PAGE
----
TU-D-209-01: Dosimetry of Diagnostic Work Up Mammography

Authors


Abstract

Purpose:

To investigate patient average glandular dose (AGD) characteristics of diagnostic mammography.

Methods:

The techniques used to image 14420 patients who received diagnostic work up mammography from October 2008 to December 2014 at one academic hospital were retrospectively collected. The most common diagnostic views and the techniques used for each according to compressed breast thickness were determined. For all techniques, 1st half value layer and air kerma output per tube current-exposure time product were measured; then the incident air kerma for each acquisition was calculated. The values for normalized glandular dose (DgN) were obtained with a validated Monte Carlo simulation of mammographic acquisition. The mono-energetic DgN results were combined according to relative fluence using the TASMICS model to obtain DgN coefficients for each spectrum. The spectral DgN and calculated incident air kerma were used to estimate AGD of patients with breast thickness ranging from 2 to 8 cm.

Results:

The most common views utilized during diagnostic mammography were magnification craniocaudal (24%), magnification mediolateral (19%), spot craniocaudal (28%), and spot mediolateral oblique (24%). The AGD increased with increasing breast thickness for both the magnification and spot views. The AGD for a 5.5 cm thick breast was approximately 6.8 mGy and 2.2 mGy for the magnification and spot views, respectively. The AGD ranged from 3.6 mGy to 6.8 mGy for the magnification views and from 1.0 mGy to 3.1 mGy for spot views. The difference in AGD between the two magnification views or the two spot views was not significant.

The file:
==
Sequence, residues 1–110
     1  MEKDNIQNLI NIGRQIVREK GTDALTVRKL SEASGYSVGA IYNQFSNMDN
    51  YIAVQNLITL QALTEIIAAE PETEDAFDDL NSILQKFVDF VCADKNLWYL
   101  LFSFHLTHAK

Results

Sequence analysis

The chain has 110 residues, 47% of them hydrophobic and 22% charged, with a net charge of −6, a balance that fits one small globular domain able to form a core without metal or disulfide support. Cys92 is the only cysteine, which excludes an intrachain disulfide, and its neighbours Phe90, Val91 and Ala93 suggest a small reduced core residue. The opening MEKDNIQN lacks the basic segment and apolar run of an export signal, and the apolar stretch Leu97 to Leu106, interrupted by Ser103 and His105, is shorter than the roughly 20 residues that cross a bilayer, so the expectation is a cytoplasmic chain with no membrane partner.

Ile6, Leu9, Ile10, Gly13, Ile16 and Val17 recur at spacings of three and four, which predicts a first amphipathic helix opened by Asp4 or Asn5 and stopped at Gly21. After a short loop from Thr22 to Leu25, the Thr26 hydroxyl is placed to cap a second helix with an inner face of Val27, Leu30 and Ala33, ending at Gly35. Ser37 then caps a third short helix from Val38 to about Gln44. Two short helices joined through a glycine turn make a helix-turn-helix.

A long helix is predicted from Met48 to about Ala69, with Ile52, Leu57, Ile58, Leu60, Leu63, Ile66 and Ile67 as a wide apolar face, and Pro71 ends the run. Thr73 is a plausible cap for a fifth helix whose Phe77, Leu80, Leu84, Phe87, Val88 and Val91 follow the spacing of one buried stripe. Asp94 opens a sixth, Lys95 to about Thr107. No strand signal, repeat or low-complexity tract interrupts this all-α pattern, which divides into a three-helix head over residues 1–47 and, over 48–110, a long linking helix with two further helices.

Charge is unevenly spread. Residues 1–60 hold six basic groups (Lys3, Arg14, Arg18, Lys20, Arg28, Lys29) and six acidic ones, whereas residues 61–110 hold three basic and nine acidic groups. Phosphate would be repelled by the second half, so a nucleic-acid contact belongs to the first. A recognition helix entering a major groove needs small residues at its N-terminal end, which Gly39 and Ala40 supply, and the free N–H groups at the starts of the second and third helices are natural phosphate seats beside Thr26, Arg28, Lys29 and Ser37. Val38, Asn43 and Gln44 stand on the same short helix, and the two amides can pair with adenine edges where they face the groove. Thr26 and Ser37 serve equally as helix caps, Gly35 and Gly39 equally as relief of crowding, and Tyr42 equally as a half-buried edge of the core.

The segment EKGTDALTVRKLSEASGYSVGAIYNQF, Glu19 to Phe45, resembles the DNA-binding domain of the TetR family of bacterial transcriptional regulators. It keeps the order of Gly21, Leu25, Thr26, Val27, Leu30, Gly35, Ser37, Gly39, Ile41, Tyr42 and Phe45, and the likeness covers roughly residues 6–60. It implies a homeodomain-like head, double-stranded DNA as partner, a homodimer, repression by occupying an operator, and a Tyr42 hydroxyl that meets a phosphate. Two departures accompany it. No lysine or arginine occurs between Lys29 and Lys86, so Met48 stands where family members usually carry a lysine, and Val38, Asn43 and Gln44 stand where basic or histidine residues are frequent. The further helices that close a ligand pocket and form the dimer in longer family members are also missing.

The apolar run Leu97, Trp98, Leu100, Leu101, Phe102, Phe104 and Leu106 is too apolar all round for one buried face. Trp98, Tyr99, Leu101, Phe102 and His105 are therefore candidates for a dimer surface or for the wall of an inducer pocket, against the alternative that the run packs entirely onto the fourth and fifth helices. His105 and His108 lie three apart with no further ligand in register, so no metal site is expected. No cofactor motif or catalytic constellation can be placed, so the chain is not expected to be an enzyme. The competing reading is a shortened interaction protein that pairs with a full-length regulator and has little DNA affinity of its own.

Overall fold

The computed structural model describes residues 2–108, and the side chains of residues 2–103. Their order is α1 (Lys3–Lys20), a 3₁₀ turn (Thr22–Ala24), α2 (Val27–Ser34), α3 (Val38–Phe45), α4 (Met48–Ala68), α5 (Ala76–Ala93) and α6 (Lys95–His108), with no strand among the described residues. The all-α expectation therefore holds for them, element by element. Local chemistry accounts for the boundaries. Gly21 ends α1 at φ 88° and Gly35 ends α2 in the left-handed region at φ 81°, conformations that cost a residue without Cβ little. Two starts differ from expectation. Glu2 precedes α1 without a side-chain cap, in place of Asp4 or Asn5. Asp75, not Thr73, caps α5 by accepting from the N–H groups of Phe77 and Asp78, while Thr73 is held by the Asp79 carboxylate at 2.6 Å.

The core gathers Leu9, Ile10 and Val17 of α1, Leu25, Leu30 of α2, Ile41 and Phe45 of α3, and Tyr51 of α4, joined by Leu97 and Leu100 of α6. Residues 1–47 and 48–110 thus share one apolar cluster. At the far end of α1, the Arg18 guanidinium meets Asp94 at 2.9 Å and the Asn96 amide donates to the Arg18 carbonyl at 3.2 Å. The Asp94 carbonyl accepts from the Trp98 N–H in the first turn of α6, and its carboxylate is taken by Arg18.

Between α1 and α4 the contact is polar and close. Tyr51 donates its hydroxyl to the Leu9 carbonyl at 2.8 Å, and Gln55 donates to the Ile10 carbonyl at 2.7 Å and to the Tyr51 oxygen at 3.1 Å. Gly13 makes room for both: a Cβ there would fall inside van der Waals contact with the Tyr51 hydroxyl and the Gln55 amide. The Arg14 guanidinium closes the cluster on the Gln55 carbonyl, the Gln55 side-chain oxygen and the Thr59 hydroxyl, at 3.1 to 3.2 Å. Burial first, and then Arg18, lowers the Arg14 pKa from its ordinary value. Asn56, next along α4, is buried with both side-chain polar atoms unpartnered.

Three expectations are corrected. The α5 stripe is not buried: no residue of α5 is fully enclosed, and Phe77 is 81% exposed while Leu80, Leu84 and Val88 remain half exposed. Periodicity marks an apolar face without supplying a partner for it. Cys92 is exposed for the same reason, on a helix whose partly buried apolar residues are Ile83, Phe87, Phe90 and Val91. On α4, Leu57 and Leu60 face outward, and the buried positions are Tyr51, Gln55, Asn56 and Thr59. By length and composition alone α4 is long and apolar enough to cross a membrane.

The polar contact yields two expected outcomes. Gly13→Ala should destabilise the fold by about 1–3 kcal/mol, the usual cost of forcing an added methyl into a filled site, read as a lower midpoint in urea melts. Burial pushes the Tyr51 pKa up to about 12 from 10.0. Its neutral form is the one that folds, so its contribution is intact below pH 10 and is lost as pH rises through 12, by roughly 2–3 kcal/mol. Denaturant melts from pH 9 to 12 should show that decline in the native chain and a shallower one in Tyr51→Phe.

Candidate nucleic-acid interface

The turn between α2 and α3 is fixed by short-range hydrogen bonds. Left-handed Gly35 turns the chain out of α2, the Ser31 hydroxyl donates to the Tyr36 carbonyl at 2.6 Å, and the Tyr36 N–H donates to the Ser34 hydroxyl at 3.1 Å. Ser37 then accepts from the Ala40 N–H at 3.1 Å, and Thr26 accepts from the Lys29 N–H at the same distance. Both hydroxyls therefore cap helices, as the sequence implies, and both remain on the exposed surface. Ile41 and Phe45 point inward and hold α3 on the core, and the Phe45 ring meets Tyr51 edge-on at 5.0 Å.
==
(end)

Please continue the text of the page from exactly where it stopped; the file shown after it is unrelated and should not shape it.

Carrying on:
Conclusion:

These results provide information on breast dose to which screening recalled women are exposed to. In addition to understanding the dose used for common clinical imaging tests, this data could be used when comparing use of mammography for diagnostic workup to other potential modalities, such as breast tomosynthesis and breast CT.

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